necessary for cells to take up nutrients from the surroundings; therefore, the enclosing membrane of a cell must be
permeable. The permeability of the membrane must be selective, though, so that the concentrations of compounds
within a cell can be controlled; otherwise, intracellular concentrations would be inseparable from extracellular
concentrations. Selective permeability is attained by means of restricting free passage of most intra- and extra-cellular
substances and allowing transport of specific substances by molecular pumps, channels, and gates. External membranes
also have a signal function. For instance, they often contain receptors for signal molecules such as hormones. The
external membrane is also responsible for transmitting electrical impulses, as in nerve cells.

There are also numerous types of intracellular membranes. These membranes serve to compartmentalize various
intracellular components as well as to provide surfaces on which certain molecules can be adsorbed prior to chemical
reaction with other adsorbed molecules.

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Figure 5-14 shows an electron micrograph in which the membrane enclosing a red blood cell is seen in cross-section.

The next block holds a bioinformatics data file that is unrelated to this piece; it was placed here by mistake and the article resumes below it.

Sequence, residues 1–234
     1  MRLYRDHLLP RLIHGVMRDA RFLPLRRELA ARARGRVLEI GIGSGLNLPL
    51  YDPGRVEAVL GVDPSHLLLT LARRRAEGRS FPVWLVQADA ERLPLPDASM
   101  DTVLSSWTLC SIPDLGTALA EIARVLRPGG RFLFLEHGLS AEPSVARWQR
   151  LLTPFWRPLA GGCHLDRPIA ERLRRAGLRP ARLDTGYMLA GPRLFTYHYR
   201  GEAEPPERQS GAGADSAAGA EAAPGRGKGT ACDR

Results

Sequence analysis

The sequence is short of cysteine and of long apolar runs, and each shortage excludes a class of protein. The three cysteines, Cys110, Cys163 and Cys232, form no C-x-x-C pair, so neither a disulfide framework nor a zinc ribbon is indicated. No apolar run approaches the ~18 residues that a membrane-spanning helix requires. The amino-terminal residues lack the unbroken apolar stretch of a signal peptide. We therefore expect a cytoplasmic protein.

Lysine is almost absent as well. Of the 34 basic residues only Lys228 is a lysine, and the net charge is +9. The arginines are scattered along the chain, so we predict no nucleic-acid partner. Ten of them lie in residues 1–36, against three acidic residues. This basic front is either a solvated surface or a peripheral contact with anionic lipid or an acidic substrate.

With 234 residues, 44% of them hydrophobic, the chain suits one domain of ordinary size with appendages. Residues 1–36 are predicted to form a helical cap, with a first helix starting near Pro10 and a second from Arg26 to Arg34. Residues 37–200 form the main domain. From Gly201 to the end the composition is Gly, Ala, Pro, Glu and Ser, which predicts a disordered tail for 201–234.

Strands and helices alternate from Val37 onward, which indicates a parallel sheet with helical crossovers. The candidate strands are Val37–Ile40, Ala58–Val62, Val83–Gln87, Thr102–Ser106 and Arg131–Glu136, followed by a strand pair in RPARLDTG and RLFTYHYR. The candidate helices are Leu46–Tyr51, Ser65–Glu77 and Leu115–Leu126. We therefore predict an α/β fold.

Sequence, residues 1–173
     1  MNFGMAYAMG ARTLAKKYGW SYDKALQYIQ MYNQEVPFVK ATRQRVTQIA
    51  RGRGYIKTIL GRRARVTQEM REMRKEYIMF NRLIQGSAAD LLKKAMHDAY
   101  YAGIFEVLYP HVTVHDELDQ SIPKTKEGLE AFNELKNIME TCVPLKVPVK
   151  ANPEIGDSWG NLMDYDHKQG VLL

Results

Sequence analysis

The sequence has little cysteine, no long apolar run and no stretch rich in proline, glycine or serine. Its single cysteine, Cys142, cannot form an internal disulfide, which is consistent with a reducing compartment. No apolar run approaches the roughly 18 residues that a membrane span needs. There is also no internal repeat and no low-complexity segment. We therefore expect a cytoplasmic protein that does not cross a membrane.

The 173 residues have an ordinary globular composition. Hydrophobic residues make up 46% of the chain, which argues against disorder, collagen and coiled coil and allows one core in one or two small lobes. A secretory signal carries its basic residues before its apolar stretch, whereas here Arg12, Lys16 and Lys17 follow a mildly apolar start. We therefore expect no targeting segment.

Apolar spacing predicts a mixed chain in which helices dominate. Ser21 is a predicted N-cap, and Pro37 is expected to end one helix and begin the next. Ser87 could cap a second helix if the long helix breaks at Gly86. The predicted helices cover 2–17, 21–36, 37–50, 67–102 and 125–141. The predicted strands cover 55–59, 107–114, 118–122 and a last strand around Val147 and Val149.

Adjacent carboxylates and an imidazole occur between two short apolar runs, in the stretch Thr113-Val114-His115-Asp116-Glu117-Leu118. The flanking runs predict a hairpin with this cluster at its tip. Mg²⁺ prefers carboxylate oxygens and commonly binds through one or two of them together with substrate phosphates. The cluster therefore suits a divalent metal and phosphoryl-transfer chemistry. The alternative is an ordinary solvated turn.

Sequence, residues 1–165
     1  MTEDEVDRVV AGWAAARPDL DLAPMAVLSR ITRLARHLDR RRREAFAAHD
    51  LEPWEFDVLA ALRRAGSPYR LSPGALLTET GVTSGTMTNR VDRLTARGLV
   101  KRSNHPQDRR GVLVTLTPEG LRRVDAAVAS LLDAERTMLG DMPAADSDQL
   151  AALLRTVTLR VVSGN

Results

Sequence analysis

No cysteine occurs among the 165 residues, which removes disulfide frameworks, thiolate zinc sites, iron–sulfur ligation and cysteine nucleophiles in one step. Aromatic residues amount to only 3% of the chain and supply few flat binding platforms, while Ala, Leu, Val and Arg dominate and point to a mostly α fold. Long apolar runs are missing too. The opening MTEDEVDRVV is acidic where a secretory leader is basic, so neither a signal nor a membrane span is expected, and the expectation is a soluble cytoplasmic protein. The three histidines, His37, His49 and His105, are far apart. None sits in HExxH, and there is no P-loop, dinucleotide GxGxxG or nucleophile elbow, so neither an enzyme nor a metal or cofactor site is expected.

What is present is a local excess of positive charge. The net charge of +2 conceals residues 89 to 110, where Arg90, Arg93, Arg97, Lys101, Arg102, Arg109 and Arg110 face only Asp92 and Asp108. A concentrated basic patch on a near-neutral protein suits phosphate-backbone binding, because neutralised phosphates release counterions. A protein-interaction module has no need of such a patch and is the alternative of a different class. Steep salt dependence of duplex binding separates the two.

The most notable feature of this membrane is that it consists of two layersit is called a membrane bilayer. This structure
is a consequence of the chemical nature of the lipids that form the membrane. There are many membrane lipids, of
which the most prevalent are the phospholipids, molecules consisting of a polar phosphate-containing group and two
long nonpolar hydrocarbon chains. Figure 5-15 shows a space-filling model of one phospholipid and a schematic
drawing. The essential feature of the molecule is a polar "head" group to which hydrocarbon "tails" are attached. Such a
molecule, which has distinct polar and nonpolar segments, is called amphipathic. When placed in water, amphipathic